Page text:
'Knoxville' lyricist talks play's path to production
The pandemic seemed to kill the musical adaption, but it’s alive and ready to premiere. Lyricist Lynn Ahrens thinks that’s something to sing about.
| 5:00 a.m. April 7, 2022
Arts + Entertainment
James Agee’s “A Death in the Family” is the author’s fictional account of the real-life death of his father.
“Knoxville” is the first musical theater adaption of Agee’s coming-of-age novel. The minds behind it are: director and playwright Frank Galati, composer Stephen Flaherty and lyricist Lynn Ahrens.
Ahrens started out writing catchy tunes for the beloved “Schoolhouse Rock” cartoons and later went on to earn multiple Broadway honors. The long, Tony Award-winning list includes collaborations with Flaherty like “Ragtime,” “Seussical” and “Anastasia.”
Critics predicted “Knoxville” was destined for that honor roll. This ambitious adaptation was set to premiere in an Asolo Repertory Theatre production on May 21, 2020 — until the pandemic pulled the plug.
A delay, but not a death.
“Knoxville” is now gearing up for a new premiere. Same theater, different date. April 23, 2022.
How did Ahrens feel when she helped create this musical? How does she feel now when it’s finally hitting the stage?
Here’s what Ahrens had to say.
Why did you and Stephen Flaherty agree to collaborate with Frank Galati on this project? Adapting James Agee’s novel for musical theater is pretty ambitious. Why’d you think it was a good idea?
Well, Frank Galati thought it was a good idea, to start with. And I think what grabbed us was the chance to collaborate with Frank again, and also the opportunity to take a fresh approach to Agee’s beautiful novel. There’ve been a number of adaptations — several movies, Tad Mosel’s play, an operatic take by Samuel Barber. Frank felt that Mosel’s three-act play was lovely — but he simplified it to two acts and streamlined the story and cast size. Then he asked us to take a look at the original novel and his latest script adaptation — the “book” which would form the scaffolding for the music he hoped we’d create.
I take it you both said yes.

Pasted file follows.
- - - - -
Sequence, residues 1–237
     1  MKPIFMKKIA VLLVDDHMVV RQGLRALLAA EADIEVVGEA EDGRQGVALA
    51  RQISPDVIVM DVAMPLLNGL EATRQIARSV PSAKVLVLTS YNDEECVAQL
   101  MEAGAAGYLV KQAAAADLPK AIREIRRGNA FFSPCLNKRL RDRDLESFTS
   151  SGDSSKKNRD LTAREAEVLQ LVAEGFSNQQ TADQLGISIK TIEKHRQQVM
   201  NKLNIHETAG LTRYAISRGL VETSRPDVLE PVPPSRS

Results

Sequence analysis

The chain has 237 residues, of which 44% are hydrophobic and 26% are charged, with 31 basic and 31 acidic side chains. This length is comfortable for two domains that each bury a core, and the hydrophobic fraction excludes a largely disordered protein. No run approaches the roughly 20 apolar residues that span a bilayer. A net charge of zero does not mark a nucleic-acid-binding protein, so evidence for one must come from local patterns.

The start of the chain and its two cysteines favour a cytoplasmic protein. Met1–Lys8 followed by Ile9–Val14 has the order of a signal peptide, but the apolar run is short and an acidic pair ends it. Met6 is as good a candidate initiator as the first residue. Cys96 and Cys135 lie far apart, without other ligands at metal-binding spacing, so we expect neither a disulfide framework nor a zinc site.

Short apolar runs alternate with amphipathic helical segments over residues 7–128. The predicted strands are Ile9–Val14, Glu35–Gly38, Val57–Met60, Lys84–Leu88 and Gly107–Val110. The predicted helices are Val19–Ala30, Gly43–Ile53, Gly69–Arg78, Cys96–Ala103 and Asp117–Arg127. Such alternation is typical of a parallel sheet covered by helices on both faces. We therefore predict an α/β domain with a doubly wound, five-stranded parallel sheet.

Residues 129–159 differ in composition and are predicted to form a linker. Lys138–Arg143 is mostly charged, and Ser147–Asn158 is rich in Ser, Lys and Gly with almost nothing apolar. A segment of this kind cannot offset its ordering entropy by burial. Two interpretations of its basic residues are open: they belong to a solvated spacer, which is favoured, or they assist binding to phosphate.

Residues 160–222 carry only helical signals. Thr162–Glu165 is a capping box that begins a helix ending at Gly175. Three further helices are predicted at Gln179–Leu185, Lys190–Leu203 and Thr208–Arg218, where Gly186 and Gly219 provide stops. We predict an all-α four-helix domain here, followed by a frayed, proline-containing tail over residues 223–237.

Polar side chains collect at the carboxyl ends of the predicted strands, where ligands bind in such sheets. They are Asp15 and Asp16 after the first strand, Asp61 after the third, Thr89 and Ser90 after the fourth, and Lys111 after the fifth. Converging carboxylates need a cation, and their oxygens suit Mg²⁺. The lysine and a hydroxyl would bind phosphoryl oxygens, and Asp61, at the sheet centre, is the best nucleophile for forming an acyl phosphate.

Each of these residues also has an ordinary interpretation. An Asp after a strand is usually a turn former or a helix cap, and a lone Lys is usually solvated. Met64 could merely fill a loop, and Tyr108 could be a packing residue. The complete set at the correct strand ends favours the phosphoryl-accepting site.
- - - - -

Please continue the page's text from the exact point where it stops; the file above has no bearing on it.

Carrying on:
That’s true, but not immediately. We both felt it was a very charming play — but we weren’t too sure it would work as a musical. I thought the story had some great opportunities for music, and Agee’s command of the English language is what ultimately won me over.
Heightened language is the lyricist’s responsibility. I respond viscerally to words. If the source material is filled with beautiful, poetic language, I can write a song one-two-three. As I read through Agee’s story, I realized the whole novel is like a poem — just the most lyrical writing I’d seen in years. I immediately said, “Let’s do this project.” The songs emerged in large part from the inspiration of James Agee’s writing.
How did you distill Agee’s lyrical words into actual lyrics?
Getting to the heart of his story was the first step. From a lyricist’s standpoint, that’s true for any adaptation. “A Death in the Family” is a magnificent novel. But for some reason, I’d never read it. I obviously did before getting involved with this musical. Then I reread it, and kept reading it. Now my copy is bulging with handwritten notes! I let my understanding of the novel’s emotional truth percolate in my brain — until lyrics began to fill my imagination. That was my process on this adaptation. I went through the same process with “Ragtime.”
What’s the plot of Agee’s novel?
Basically, the author, James Agee, is the lead character and narrator. He’s the adult novelist looking back at his six-year-old self after his father has died in a car accident. James Agee fictionalized many characters from his early life to populate his story. And it’s sort of a family history of … well, a death in the family. It’s about the writer as a child, and how his young mind processes his father’s death. It’s also about the author’s mother, as well as loss, religion and love. And of course it’s about "Knoxville," itself. These are some of the elements that created James Agee, the writer.